The fine crumb or flakey, layered texture of cookies, cakes and pie crusts comes the expansion of trapped air and/or moisture in these batters and doughs (along with chemical leaveners such as baking soda or powder or yeast). And that expansion is produced by heat. Many batters and doughs require a push—a good hit of heat at the beginning—for optimal rise, texture, and browning (and remember browning is flavor).Alice Medrich, Why You Must Preheat the Oven (Even If You’re in a Rush), Food52, March 7, 2016.
Recipes that include the oven temperature near the end of the recipe are baffling. It’s too important to be shoved in way at the bottom of a recipe! After thoroughly reading a recipe to make sure you it doesn’t hold any surprises (no one likes realizing something must be chilled a few hours or, worse, overnight, while in the middle of baking), heating the empty oven should be the first proactive step you take.
You don’t want weirdly baked muffins or quick breads, which is exactly what happens when you don’t preheat the oven. Patience you must have, my baking padawan. I know, you’re right: Heating the oven doesn’t matter so much if you’re popping in a casserole. But, it does matter to quick breads.
Fire up the oven so it has plenty of time to warm up. Once it’s hit the temp you need, don’t shove your muffin tin in the oven. Cold spots happen. Give it ten minutes longer so the whole oven is full of hot air (I feel like there’s a good joke here), and then you’re ready to go. Do I always do this? Nope. At least, not on purpose. By the time I’m done mixing and measuring and all of that, it seems pretty right on anyway.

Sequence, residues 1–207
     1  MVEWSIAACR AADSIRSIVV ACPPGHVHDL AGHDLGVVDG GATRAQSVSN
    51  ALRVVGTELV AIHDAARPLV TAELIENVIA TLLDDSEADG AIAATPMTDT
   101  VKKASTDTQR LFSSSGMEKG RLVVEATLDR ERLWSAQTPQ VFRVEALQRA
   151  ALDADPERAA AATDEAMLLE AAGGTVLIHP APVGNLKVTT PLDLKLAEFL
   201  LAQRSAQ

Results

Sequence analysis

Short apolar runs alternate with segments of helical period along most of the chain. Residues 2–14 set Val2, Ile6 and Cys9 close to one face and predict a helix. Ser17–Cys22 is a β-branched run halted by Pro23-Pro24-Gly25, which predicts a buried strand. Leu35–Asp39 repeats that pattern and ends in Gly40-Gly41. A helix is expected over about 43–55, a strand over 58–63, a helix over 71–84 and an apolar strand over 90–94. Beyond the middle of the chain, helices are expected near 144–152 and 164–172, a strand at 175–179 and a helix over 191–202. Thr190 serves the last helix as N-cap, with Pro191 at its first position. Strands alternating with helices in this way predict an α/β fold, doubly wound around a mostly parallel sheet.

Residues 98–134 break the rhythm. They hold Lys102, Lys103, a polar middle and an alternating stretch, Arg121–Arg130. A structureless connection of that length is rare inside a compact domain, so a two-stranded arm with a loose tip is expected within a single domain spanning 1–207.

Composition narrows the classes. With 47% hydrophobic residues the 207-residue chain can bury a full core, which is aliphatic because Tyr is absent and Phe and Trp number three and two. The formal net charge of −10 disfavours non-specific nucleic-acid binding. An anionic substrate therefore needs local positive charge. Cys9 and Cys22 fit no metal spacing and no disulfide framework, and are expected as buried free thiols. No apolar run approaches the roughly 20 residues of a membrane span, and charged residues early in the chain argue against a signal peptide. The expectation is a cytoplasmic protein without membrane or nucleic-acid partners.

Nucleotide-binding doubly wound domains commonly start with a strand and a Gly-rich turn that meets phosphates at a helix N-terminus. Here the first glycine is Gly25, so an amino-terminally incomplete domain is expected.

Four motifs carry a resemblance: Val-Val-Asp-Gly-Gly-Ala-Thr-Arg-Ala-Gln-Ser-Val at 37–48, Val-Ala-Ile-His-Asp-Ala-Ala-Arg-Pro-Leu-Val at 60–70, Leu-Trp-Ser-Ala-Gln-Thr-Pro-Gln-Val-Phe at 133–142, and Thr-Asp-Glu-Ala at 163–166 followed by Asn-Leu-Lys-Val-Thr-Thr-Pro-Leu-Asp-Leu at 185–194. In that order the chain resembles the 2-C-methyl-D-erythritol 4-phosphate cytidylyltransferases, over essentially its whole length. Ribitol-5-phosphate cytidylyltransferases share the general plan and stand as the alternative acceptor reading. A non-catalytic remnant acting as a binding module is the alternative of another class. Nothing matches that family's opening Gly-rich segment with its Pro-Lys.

Side note: If you want to bake in the morning, but time is tight, is there someone in the house who wakes up before you roll out of bed? My husband gets up half an hour before I do, so he turns on the oven. I just let him know the night before, and sometimes send a quick text that he doesn’t check then, just so he’ll get an extra nudge.
A Word on Convection Ovens
Okay, I admit I use the basic setting on my double ovens. I haven’t used the convection oven setting. I haven’t taken the time to learn how to use the thing. If you have a convection oven, different rules apply.
If you bake in a convection oven, note that quick breads. . . .are apt to bake more quickly and dry out, so reduce the oven temperature by 25* to 50*F and reduce baking times by 10-15 minutes. Consult the manufacturer’s literature accompanying your oven for precise directions.Beth Hensperger, The Baking Bible (1999), Page 30.
Don’t have the manual? You can find it online. All you need is the make and model of your oven, and away you go!
Preparing the Muffin Tin or Loaf Pan
If you’re making a quick bread loaf, grease your pan, set it aside, and continue on with the recipe. Should you spray or should you line your muffin tin? Quick heads-up: muffin liners and cupcake wrappers are the same thing. Some muffin recipes can be ambiguous and vague. How do you know how to prepare a muffin tin if you’ve never made muffins or if you’ve never made a particular recipe?